The History of the Hope Diamond and its Relation to Bar Harbor – Part VII

published march 27, 2024 | written by emily cough | edited by BHHS staff

Part 7 – From Debt to Hope

Following the Great London Exhibition in 1851 and the death of Henry Thomas Hope in 1862, the blue diamond and other assets in his testament were left exclusively to his widow, Anne. 

Upon Anne’s own death in 1884, she bestowed upon her grandson, Lord Francis Hope, the inheritance of her properties, titles, and assets, including the famed Hope Diamond—rather than her daughter, Henrietta.

Henrietta’s husband, Henry Pelham-Clinton, known as Linky, was regarded as a spendthrift and reckless in his spending habits, which caused Anne to believe that he would gamble the family’s wealth away and bring financial ruin upon them. In the eyes of Queen Victoria, Linky was deemed “worthless”; a liar and a drunk (Kurin, 2017). Anne’s decision to leave her fortune to her grandson aimed to solidify their control over the Hope wealth by designating him and future generations as “tenants for life,” which “meant that the Hope estates and heirlooms, legally defined as such, could not be easily sold off” (Kurin, 2017).

Nonetheless, Anne’s fears still found some validation. At 21, Lord Francis inherited his grandmother’s fortune; whether influenced by his father’s exploits or overwhelmed by the sudden influx of wealth, Lord Francis quickly burned through a substantial portion of his riches, plunging himself into a litany of debt.

His imprudent financial decision making was further exacerbated by his union with May Yohé, a stage performer, in 1894. Their union caught them in a web of dissaving and poor decision making, despite the substantial income generated by the Hope estates, which exceeded $80,000 annually by 1893 (equivalent to roughly $2.7 million in today’s dollar) (Patch, 1999). In a bid to alleviate his growing debts, Lord Francis planned to liquidate a portion of the Hope collection of artworks. However, due to the stipulations in his grandmother’s will, this was easily contested by his three sisters and brother, who were averse to the idea of splitting up the family fortune, let alone the cherished artworks.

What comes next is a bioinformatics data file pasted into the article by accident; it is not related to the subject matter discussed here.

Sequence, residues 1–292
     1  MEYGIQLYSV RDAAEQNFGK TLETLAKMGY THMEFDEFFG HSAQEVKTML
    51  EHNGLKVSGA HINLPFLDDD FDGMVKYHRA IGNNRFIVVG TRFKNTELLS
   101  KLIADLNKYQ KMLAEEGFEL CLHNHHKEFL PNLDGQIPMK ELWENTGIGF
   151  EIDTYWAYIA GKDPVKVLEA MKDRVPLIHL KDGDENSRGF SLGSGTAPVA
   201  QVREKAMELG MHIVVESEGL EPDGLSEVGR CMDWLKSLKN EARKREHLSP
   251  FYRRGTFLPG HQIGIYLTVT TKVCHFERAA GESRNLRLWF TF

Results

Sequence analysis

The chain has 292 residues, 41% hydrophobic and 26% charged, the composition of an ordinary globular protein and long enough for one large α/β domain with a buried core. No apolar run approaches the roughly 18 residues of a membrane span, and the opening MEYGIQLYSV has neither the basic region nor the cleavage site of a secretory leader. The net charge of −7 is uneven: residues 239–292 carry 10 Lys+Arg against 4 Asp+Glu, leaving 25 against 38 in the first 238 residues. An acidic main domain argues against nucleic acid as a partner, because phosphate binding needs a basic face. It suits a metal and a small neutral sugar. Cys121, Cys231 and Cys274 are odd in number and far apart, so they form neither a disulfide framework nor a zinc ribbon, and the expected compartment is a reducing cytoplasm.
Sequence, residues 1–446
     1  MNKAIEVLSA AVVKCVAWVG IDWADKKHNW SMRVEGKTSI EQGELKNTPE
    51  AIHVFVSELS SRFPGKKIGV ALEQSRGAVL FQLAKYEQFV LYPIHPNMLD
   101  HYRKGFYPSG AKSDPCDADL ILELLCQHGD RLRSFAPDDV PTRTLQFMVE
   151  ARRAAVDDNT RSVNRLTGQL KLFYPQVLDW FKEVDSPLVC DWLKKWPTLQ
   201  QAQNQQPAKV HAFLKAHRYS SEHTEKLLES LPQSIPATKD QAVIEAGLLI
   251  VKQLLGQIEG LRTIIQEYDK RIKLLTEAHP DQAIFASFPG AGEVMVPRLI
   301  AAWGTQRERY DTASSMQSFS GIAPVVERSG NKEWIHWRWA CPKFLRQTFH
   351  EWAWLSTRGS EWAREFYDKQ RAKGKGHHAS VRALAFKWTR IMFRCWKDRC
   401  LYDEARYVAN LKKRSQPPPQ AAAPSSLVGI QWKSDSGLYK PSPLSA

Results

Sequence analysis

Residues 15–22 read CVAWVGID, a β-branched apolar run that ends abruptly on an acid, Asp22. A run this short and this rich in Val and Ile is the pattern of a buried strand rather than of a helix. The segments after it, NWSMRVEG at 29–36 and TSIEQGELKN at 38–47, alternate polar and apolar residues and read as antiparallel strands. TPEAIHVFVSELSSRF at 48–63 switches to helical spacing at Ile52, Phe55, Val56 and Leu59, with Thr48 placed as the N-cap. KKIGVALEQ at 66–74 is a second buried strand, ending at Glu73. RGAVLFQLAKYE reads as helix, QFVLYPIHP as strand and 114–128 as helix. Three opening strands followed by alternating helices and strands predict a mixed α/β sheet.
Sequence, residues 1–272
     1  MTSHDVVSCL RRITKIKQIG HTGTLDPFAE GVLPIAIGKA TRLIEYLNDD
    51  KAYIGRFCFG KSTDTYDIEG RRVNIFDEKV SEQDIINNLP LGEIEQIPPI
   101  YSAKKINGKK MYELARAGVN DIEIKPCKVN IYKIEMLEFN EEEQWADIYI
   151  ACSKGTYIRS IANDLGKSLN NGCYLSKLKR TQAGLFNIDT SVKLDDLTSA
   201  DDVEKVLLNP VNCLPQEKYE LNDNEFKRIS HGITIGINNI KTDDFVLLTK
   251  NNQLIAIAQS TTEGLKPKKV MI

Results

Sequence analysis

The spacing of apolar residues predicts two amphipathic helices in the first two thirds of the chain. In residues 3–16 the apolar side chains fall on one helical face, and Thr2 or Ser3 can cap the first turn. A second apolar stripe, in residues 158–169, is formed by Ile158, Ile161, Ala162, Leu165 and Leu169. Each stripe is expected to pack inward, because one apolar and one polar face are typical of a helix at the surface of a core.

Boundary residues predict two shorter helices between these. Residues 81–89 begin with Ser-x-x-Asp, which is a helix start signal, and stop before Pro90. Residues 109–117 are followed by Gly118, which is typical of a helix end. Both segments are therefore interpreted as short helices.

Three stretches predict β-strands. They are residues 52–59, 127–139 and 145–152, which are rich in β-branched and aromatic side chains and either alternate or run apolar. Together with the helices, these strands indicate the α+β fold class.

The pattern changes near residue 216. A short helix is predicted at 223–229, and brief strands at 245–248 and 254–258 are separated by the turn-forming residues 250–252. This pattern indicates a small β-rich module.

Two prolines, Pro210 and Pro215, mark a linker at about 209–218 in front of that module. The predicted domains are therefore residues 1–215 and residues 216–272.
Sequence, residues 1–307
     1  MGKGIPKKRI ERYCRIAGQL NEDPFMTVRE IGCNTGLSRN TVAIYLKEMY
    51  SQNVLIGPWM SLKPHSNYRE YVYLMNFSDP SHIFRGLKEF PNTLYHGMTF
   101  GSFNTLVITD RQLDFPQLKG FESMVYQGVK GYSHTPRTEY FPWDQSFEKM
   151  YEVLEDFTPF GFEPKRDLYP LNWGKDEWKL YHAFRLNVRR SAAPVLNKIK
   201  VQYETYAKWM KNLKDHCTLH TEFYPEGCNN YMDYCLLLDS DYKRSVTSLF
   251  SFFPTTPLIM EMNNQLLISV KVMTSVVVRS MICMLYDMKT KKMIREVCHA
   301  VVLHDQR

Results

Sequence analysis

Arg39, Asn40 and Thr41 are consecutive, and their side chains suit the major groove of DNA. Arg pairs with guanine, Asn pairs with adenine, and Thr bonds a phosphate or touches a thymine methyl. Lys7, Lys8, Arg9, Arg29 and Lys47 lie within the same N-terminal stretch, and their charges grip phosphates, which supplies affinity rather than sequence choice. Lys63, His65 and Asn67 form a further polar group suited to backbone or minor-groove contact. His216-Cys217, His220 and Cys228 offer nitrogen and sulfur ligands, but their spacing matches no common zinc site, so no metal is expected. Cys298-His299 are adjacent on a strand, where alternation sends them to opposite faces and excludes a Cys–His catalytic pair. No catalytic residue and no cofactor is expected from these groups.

By 1895, Lord Francis faced complete bankruptcy. Although his spouse May experienced success on the stage, allowing them to emerge from bankruptcy by 1896, Lord Francis remained ensnared in a dire financial situation, confronted with a “sinking fund” amounting to nearly $10 million in today’s currency (Patch, 1999). It wasn’t until 1898 that Lord Francis managed to sell the selection of paintings, following the withdrawal of opposition from his siblings. Regrettably for Lord Francis, the proceeds from the sale fell short of expectations, amounting to just under $6 million in today’s dollars, leaving him still with a hefty debt.

Losing Hope

Still reeling under the weight of substantial debt, Lord Francis could think of only one way to alleviate his financial troubles: to sell the Hope Diamond.

It wasn’t until 1902, coinciding with his divorce from his wife May, that Lord Francis, finally given the permission of his siblings, was able to succeed in liquidating the gem to recover his assets.

Gem authority and sister to Gloria Steinem, Susanne Steinem Patch, notes that “although the diamond’s rumored sale price reached $250,000 [equivalent to $9 million in today’s dollars], the value given on the invoice, on which a 10 percent customs duty was paid, was $141,032” (equivalent to $5.1 million today) (Patch, 1999).The new owner of the Hope Diamond then became Adolph Weil, a diamond merchant based in London, who subsequently transferred ownership to Simon Frankel of New York City. Bringing the diamond onboard the Kronprinz Wilhelm (sound familiar?), the blue gem was now across the pond, where it has remained, for the most part, since.


Kurin, Richard. 2017. Hope Diamond: The Legendary History of a Cursed Gem. Smithsonian Institution.

Patch, Susanne Steinem. 1999. Blue Mystery: The Story of the Hope Diamond. Abradale Press.